With fist or words, bullies hurt peers

Is bullying the latest national epidemic?
At a recent event at Congregation Beth Israel, children’s advocate and best-selling author Trudy Ludwig was emphatic that although bullying is a complex issue, it is over hyped by the media.
According to the latest research, bullying has actually decreased in the last decade.
An award-winning writer and speaker on bullying, Ludwig has been featured on Good Morning America, PBS and Sesame Street’s bullying series. Her nationally acclaimed books focus on helping children thrive in their social world and have received multiple Mom’s Choice Awards.
Ludwig provided engaging, thought-provoking and detailed information on bullying to an audience of about 25 parents at her talk entitled “Understanding Our Kids’ Social World: Friendships, Cliques & Power Plays,” sponsored by WRJ/Beth Israel Sisterhood. However, Ludwig made it clear that bullying is not a simple issue with simple solutions.
While Ludwig insisted that the media has overblown the pervasiveness of bullying, she also argued that, at the same time, our society underreports the negative consequences of “relational aggression.”
“Intentional exclusion, gossip, the silent treatment, teasing and the spreading of rumors are often dismissed as normal rites of passage, but these emotional bullying behaviors are a form of relational aggression that are as harmful as physical bullying – with devastating long-term effects,” said Ludwig.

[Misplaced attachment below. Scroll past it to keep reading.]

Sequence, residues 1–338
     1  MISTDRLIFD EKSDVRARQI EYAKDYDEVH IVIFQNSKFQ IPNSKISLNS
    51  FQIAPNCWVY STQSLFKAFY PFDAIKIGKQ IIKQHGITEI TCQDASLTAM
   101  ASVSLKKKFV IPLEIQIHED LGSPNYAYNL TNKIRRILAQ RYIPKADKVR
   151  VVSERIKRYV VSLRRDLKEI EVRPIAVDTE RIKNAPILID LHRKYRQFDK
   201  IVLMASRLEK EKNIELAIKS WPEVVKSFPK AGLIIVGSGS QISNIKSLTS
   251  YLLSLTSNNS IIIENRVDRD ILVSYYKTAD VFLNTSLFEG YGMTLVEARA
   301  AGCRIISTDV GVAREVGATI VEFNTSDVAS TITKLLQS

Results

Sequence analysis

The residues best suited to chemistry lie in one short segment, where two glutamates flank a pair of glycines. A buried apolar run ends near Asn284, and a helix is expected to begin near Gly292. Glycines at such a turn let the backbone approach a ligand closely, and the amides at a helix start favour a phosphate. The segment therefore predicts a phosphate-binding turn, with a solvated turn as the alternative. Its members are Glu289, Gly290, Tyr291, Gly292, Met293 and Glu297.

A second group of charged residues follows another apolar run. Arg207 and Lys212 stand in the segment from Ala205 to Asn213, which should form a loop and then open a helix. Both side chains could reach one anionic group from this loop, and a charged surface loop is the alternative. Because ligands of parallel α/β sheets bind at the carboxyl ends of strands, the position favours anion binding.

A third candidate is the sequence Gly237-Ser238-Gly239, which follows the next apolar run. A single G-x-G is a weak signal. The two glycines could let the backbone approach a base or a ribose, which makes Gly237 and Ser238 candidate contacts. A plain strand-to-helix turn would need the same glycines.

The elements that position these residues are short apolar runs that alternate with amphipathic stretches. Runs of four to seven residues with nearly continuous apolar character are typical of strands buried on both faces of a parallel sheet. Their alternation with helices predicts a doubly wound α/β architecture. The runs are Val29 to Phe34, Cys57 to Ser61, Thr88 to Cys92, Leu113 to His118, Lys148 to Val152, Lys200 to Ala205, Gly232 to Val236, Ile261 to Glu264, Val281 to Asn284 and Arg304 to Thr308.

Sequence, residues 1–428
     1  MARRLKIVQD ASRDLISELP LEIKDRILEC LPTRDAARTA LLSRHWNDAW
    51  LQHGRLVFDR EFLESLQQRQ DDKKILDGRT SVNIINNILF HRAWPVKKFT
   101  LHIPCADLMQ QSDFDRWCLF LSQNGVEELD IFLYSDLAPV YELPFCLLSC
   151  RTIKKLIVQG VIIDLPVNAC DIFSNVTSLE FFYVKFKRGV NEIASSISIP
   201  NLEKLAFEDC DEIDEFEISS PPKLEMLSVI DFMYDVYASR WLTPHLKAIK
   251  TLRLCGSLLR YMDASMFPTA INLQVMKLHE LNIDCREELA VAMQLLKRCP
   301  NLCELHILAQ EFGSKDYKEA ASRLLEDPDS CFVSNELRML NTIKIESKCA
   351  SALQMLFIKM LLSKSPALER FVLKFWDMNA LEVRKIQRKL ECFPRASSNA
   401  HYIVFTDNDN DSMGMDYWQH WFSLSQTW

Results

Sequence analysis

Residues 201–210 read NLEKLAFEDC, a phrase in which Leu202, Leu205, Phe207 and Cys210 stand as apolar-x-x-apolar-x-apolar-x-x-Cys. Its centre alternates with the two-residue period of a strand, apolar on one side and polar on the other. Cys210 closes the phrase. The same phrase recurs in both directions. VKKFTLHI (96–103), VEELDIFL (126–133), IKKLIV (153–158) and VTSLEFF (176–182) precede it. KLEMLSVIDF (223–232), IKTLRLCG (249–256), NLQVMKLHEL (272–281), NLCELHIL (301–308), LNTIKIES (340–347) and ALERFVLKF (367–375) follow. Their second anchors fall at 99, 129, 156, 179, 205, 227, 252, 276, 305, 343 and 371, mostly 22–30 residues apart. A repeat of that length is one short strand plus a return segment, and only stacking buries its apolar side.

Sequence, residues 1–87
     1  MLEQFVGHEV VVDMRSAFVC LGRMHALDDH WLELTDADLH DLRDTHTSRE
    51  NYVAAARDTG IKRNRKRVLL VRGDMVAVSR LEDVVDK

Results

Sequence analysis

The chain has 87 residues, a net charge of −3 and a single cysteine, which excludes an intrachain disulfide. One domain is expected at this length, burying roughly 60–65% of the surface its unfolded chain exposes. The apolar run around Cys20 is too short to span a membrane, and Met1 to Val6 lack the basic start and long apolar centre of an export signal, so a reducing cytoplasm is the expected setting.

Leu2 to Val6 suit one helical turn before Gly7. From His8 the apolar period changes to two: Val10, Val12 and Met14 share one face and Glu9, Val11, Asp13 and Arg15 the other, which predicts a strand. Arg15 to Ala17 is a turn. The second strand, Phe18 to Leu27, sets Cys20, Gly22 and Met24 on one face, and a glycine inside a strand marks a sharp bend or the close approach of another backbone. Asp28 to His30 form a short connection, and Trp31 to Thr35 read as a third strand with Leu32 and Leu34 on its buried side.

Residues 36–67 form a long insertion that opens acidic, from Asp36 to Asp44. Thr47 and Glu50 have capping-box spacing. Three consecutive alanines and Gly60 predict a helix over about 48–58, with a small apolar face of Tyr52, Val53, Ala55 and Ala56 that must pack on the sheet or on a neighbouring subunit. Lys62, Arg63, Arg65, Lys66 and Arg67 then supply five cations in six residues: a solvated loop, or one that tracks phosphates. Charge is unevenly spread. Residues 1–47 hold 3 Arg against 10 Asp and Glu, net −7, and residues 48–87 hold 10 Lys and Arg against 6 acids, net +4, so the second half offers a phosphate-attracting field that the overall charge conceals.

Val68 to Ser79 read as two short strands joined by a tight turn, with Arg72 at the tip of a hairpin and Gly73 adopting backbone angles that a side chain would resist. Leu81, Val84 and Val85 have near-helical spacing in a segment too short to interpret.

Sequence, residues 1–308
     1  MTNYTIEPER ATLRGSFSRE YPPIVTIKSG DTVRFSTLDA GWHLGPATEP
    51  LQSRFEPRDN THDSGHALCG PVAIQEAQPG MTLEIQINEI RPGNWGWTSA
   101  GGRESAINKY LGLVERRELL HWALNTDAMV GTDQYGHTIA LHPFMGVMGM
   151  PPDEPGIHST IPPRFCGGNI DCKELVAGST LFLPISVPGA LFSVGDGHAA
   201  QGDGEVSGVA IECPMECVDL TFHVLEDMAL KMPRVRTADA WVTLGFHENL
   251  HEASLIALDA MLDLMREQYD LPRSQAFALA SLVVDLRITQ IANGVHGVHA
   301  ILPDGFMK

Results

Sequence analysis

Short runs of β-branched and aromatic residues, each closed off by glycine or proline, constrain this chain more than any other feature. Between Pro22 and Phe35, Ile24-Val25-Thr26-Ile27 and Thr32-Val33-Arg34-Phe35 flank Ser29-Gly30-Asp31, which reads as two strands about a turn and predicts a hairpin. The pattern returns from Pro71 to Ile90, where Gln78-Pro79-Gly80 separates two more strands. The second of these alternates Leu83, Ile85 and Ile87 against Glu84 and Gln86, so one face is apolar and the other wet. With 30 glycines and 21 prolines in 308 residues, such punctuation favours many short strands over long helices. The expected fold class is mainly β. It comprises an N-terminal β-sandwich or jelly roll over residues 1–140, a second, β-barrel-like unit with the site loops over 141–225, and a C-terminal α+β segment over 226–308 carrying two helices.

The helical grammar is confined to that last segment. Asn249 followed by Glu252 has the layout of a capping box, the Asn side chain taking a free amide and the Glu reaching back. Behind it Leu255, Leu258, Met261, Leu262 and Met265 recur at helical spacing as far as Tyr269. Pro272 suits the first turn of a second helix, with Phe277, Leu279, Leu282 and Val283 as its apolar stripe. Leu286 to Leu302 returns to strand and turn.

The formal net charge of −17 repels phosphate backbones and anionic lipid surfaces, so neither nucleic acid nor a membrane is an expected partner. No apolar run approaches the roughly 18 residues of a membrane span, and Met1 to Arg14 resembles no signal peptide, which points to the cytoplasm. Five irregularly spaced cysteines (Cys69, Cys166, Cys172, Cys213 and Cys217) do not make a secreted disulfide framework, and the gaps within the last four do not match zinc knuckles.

Astoundingly, according to Ludwig, “Kids report relational aggression as the most accepted and the most harmful form of aggression.” In other words, even though it is the most hurtful, kids believe relational aggression is less punishable than a punch in the face.
Daphna Stadig, the social action chair of Beth Israel’s Sisterhood, decided to bring in Ludwig to address bullying because “Jewish ethics speaks of treating individuals with respect. There are not only Jewish bullies, but there are also Jews who have been bullied and teased.”
Stadig hoped Ludwig would also bring solutions to the community, which Ludwig provided in spades.
Ludwig encouraged parents not to buy into the media hype and instead to focus on what is actually going on with their children. She also shared the importance of working as a community to address the normalization of relational aggression.
“We have these societal myths that standardize relational aggression like, ‘Boys will be boys,’ or, ‘They’ll grow out of it.’ But these ideas are harmful to our children!” exclaimed Ludwig.
She encourages parents to help children work through bullying incidents at school by using talking point questions after confrontations (see box).
Juliana Gellman, mother of four, loved these practical tips. “This was so informative. I loved that she gave us lots of tools about what to actually tell our kids,” said Gellman.
Ludwig hopes that the community will begin to talk more about the variety of ways bullying affects Portland neighborhoods.
Ludwig warns, “Bullying doesn’t just affect victims. It affects bullies, bystanders, teachers, parents and the schools–everyone in the community.”
For more information on bullying and bullying prevention, visit Ludwig’s website: www.trudyludwig.com

Questions to Help Kids Talk Through Relational Aggression:

  • What went wrong?
  • What role did you play in what went wrong?
  • What did you learn from that experience?
  • What would you do differently next time?
  • What can you do to make up for the hurt you caused others?

    Vanessa Van Petten is a freelance writer and speaker who lives in Portland. Her latest book for parents, “Do I Get My Allowance Before or After I’m Grounded?,” won the 2012 Mom’s Choice Award.

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